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MIL-C-5541 Type 1 & 2, and Class 1A & 3 -- understand the differences

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RoHS = short for the European Parliament's directives on "Reduction of Hazardous Substances".

This particular directive is concerned with the constitution of the end-product item in question, not the materials employed during its manufacture (other directives like REACH may regulate the use of hazardous materials in the manufacturing process).

An example of the distinction: hexavalent chrome is used in some chromate conversion coatings for aluminum (some of the Alodines and Iridites) but also in most chrome electroplating. Articles which have a hexavalent chromate conversion coating contain hexavalent chromium as shipped & as used, and may therefore release it, and are thus a RoHS concern; but chrome electroplating produces a coating of zero valence metal and is therefore not a RoHS concern.

Back to the chromate conversion processes: In the old days, until a few years into this century, the main alternative to hexavalent chromate coatings was trivalent chromate coatings and they were vastly inferior to hexavalent, especially in corrosion resistance. But these days some trivalent coatings are equal (at least in corrosion resistance) to hexavalent.

Consequently, MIL-DTL-5541 [on DLA] has been expanded from earlier -5541 releases to now cover both types.

Q. When it states in a DFAR Clause on a Contract:
252.223-7008 Prohibition of Hexavalent Chromium.
(1) Unless otherwise specified by the Contracting Officer, the Contractor shall not provide any deliverable or construction material under this contract that:
(i) Contains hexavalent chromium in a concentration greater than 0.1 percent by weight in any homogenous material.

The spec on the drawing notes to Conversion Coat per MIL-DTL-5561 ^ 5541 Cl 1A.

I read in the spec that Type I applies if nothing is noted but I don't know how to figure out if the coating weight would exceed the 0.1 percent by weight of the part.

Mary Richard
Quality Assurance / Contract Review - Belmont, NH
October 9, 2023

Ed. note: "5561" was a typo; it should be "5541".

A. Hi Mary,

In MIL-DTL-5541 [on DLA] conversion coating, "Class" has to do with electrical conductivity (which in turn involves coating weight), but in addition to "Classes" there are also "Types" which have to do with the presence or absence of hexavalent chromium.

Type II are "Compositions containing no hexavalent chromium". I think that once that DFAR requirement for minimal hexavalent coating weight has been made, something very important has been "noted" and the situation of "if nothing is noted" no longer applies. You should specify and do 'Type II' conversion coating to comply with the requirement you speak of.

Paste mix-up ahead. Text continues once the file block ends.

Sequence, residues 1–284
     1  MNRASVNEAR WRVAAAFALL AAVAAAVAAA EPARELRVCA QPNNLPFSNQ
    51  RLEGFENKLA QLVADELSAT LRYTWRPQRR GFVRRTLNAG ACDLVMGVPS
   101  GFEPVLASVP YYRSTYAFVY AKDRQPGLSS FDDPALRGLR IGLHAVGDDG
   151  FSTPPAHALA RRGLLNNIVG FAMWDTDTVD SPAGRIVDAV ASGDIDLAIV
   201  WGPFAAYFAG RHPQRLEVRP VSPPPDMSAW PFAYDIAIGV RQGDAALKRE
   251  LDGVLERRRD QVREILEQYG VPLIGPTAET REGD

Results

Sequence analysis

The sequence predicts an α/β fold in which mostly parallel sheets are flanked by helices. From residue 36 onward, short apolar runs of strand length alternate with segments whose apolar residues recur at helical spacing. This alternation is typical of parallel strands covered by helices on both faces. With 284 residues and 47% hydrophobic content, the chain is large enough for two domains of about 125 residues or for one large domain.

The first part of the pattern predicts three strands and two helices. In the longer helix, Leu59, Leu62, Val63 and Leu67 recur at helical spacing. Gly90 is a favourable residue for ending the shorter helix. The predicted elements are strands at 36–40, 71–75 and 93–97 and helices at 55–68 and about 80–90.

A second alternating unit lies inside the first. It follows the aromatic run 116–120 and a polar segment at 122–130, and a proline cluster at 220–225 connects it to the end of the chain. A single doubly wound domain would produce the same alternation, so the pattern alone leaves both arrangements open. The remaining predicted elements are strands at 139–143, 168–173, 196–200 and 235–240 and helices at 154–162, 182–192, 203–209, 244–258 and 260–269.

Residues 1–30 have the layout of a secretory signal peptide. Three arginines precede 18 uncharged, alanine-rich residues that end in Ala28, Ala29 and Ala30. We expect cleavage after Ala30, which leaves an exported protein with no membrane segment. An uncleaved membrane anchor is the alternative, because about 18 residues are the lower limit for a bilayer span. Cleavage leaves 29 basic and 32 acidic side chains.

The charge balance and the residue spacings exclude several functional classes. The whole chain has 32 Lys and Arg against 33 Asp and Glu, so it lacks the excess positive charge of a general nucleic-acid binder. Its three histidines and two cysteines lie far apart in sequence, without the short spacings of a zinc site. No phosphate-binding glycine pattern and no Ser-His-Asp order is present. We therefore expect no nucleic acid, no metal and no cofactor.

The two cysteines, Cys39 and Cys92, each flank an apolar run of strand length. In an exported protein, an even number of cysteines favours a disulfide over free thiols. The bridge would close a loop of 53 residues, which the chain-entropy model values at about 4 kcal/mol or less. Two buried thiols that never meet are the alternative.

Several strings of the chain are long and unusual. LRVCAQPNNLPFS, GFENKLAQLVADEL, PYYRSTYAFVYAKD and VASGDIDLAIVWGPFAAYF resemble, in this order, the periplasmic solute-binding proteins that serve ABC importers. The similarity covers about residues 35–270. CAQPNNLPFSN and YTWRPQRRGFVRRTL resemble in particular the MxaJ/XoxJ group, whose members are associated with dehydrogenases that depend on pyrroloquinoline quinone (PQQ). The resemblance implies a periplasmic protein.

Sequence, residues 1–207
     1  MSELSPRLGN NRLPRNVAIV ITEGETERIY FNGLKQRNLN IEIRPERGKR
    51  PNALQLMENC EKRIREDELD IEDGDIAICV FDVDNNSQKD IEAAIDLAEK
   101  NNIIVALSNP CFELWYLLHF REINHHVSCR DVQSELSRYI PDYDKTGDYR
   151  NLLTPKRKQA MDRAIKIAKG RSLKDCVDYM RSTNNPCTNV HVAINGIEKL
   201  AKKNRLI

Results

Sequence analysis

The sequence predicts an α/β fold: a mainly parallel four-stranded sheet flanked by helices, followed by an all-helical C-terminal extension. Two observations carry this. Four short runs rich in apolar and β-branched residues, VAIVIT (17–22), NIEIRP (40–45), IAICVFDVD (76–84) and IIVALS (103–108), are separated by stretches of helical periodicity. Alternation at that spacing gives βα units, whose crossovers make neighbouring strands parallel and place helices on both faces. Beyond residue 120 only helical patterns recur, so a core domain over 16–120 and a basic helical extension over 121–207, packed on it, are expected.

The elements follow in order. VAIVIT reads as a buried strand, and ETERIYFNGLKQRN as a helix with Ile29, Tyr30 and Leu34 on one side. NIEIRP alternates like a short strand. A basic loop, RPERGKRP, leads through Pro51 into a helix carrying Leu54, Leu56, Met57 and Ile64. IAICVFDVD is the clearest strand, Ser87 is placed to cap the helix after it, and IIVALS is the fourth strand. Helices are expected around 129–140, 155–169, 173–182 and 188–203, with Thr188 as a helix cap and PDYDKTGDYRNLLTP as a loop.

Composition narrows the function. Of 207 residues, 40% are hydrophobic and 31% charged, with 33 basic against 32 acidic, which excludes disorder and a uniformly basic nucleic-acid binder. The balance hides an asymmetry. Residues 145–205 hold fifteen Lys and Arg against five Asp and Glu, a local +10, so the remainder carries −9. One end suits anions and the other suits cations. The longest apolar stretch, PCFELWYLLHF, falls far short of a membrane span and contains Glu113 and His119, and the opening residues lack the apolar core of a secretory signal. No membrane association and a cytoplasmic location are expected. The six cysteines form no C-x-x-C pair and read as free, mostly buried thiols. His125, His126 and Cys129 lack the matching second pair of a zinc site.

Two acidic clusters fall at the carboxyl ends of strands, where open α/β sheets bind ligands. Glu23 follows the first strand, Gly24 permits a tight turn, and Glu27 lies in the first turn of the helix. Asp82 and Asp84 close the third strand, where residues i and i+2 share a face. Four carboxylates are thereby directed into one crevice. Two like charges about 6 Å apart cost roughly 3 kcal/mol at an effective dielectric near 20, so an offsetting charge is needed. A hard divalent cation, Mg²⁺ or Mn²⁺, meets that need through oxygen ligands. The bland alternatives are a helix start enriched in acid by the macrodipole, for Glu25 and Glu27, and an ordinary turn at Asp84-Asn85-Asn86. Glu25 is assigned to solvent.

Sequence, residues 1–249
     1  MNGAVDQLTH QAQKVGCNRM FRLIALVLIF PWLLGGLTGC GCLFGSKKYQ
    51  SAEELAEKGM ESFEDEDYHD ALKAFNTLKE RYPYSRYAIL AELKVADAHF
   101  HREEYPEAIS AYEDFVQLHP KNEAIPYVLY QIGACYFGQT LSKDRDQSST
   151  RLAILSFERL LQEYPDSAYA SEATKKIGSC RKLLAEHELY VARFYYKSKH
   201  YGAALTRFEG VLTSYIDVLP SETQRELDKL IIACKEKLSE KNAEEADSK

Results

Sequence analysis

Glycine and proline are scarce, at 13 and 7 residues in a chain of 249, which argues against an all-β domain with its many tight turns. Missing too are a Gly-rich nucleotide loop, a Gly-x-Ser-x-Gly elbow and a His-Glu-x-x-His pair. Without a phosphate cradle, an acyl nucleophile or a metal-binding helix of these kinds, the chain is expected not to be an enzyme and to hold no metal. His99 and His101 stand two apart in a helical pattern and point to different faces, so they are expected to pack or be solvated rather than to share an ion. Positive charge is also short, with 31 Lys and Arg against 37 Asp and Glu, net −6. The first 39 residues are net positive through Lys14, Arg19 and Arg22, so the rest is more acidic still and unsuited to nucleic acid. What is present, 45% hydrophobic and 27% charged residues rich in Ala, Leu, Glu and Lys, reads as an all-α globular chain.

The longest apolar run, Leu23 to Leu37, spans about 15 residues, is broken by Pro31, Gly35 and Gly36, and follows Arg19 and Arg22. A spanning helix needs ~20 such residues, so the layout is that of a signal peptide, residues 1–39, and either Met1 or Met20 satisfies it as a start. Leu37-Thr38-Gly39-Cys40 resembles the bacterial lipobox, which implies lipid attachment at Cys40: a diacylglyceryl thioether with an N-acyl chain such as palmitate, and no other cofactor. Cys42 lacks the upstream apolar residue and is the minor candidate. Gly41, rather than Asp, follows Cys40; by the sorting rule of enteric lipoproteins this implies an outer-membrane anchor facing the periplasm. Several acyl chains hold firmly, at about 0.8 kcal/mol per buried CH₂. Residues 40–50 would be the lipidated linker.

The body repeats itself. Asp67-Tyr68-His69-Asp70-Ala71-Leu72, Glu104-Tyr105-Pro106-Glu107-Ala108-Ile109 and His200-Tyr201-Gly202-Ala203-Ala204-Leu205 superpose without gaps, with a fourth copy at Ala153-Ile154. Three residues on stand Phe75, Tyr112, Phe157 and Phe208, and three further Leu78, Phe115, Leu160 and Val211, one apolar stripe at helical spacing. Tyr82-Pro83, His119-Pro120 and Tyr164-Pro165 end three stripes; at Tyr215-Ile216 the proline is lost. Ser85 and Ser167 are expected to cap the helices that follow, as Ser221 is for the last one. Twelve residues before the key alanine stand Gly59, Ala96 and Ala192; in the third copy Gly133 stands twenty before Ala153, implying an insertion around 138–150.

Luck & Regards,

pic of Ted Mooney
Ted Mooney, P.E. RET
Striving to live Aloha - Pine Beach, New Jersey

Q. Hi Ted,
Since the Drawing only states CL 1A and the Spec states Type I would apply if no type is specified I still don't know if I would be within the .1% by part weight. I read somewhere that a part would rarely exceed .07% by part weight which would be within the limits of the 0.1%.

Mary Richard
- Belmont, New Hampshire
October 19, 2023

A. Hi again.
I can't intelligently critique an article that you read somewhere, but I haven't read, that says hexavalent chromium rarely exceeds 0.07% of the part weight. But I can warn you that 'homogeneous' material doesn't necessarily mean what you might expect it to mean -- it means what the European Parliament wants it to mean, and they want it to mean "don't use hexavalent chromium" :-)

I am 99.44% confident that DFAR wants you to use Type 2, non-chromate, conversion coating and I fear that even if you tested and proved that the hex chrome was less than 0.1% of the part weight you still won't be safe but would be a target. Luck & Regards,

pic of Ted Mooney
Ted Mooney, P.E. RET
Striving to live Aloha - Pine Beach, New Jersey

⇩ Related postings, oldest first ⇩

Q. What is the difference between these two mil standards? Is one for a clear RoHS compliant and the other for a yellow RoHS compliant? Or is the Mil-C-5541 for clear RoHS and MIL-DTL-5541 [on DLA] for yellow hex. Please let me know. Thank you.

Mike Logan
plating shop employee - Minneapolis, Minnesota
January 28, 2008

A. Mike, Hi.
Type I - Compositions containing Hex Chrome
Type II - Compositions containing no Hex Chrome
Class 1A - For maximum protection against corrosion, painted or unpainted.

Mil-C-5541 did not mention Type I or II whereas MIL-DTL-5541 [on DLA] does. Class 1A is the same for both standards. For Mil-DTL-5541, it is very clear when Type II is mentioned, the conversion coating shall not contain Hexavalent Chrome, hence, RoHS compliant. When Type I is mentioned, the conversion coat contains Hexavalent Chrome but it may not necessarily be yellow. There are clear conversion coatings out there which are Hexavalent chromium based. As far as I am concerned, there is no yellow conversion coat (yellow chromate if you prefer) that is Type II. If you have time check out ^ and check out some excellent trivalent chromium base conversion coats (Henkel, Surtec, Macdermid, Luster On ) which can, incidentally be classified as Type II.

SK Cheah
- Penang, Malaysia
February 4, 2008

Ed. note: The address for the mil spec service was updated as noted since Cheah's posting

A. Mike,
Further readings on earlier posts at, apparently, there are yellow conversion coating that is Type II - clear conversion coating with yellow dye.

SK Cheah
MST - Penang Malaysia
February 28, 2008

thumbs up sign Hi Cheah. I think a big point of possible confusion is that there may be RoHS compliant trivalent conversion coatings which are yellow, either through the addition of dye or because they are thick-film and naturally yellow, but which are not be on the QPL yet -- which means you're not compliant with MIL-DTL-5541 if you use them. So it probably isn't correct to call such coatings Type II ... just call them yellow and RoHS-compliant :-)


Ted Mooney,
Ted Mooney, P.E.
Striving to live Aloha - Pine Beach, New Jersey

Q. Can anyone tell me what are the differences in the new standards (MIL-DTL-5541 [on DLA]F) as compared to the old.

Thomas Joseph
Precision Metal Fabricator - Singapore
August 27, 2009

A. Hi Thomas. We appended your question to a thread where SK Cheah had answered the question: RoHS-compliant (Type II) coatings were not part of the old Mil-C-5541 standards. Good luck.